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Gastroenterology. 2000 Feb;118(2):253-7.

Effects of sildenafil on esophageal motility of patients with idiopathic achalasia.

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Department of Internal Medicine and Gastroenterology, University of Bologna, Bologna, Italy.



Sildenafil shows an intense and prolonged inhibitory effect on the smooth muscle cells of the human corpus cavernosum by blocking phosphodiesterase type 5 that destroys nitric oxide-stimulated cyclic guanosine monophosphate. We investigated if sildenafil possesses a similar effect on the esophageal musculature of patients with achalasia, where there is an impairment of nitric oxide production similar to that of functional impotence.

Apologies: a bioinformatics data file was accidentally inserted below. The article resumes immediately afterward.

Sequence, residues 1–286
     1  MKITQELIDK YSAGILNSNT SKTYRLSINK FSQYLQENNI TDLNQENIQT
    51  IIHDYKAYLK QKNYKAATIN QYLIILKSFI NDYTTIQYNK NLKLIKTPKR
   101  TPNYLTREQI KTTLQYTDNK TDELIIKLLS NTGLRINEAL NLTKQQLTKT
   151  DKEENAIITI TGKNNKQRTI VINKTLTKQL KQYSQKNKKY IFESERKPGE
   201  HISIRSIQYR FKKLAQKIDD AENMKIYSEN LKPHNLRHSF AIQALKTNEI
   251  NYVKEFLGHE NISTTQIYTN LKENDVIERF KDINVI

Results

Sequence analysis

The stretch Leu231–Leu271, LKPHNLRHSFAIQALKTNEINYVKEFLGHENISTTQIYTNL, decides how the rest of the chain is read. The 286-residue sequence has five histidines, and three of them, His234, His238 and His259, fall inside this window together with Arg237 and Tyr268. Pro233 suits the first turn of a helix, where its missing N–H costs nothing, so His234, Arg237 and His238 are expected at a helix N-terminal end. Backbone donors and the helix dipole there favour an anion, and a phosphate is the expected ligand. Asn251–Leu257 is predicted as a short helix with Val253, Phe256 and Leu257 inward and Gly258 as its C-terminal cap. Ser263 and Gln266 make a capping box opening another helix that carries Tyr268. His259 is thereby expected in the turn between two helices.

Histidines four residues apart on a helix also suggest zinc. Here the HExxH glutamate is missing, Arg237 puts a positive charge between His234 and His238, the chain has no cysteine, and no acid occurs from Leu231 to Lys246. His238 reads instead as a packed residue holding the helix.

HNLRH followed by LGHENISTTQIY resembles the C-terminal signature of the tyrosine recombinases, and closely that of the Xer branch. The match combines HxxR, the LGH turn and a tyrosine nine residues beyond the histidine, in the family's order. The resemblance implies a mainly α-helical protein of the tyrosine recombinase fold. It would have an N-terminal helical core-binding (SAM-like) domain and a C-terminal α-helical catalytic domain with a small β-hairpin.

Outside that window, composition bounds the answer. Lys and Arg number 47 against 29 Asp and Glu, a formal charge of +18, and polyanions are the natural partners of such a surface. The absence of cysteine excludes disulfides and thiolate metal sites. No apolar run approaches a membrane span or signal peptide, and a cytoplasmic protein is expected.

In 14 patients affected by achalasia with an esophageal diameter of </=5 cm, esophageal motility was recorded with a low-compliance manometric system. After a basal period of 30 minutes, a 50-mg tablet of sildenafil dissolved in water was infused in the stomach in 7 patients and one of placebo in the other 7 patients, randomly and in double-blind manner, continuing the recording for 60 minutes.


Lower esophageal sphincter tone, residual pressure, and wave amplitude after sildenafil showed a significant decrease compared with both the basal period and the placebo group, with a marked interpatient variability. The inhibitory effect reached its maximum (about -50%) 15-20 minutes after the infusion and lasted <1 hour. Propagation of pressure waves was not modified by sildenafil.


Sildenafil inhibits the contractile activity of the esophageal musculature of patients with achalasia, decreasing lower esophageal sphincter tone and residual pressure as well as contraction amplitude.

[Indexed for MEDLINE]

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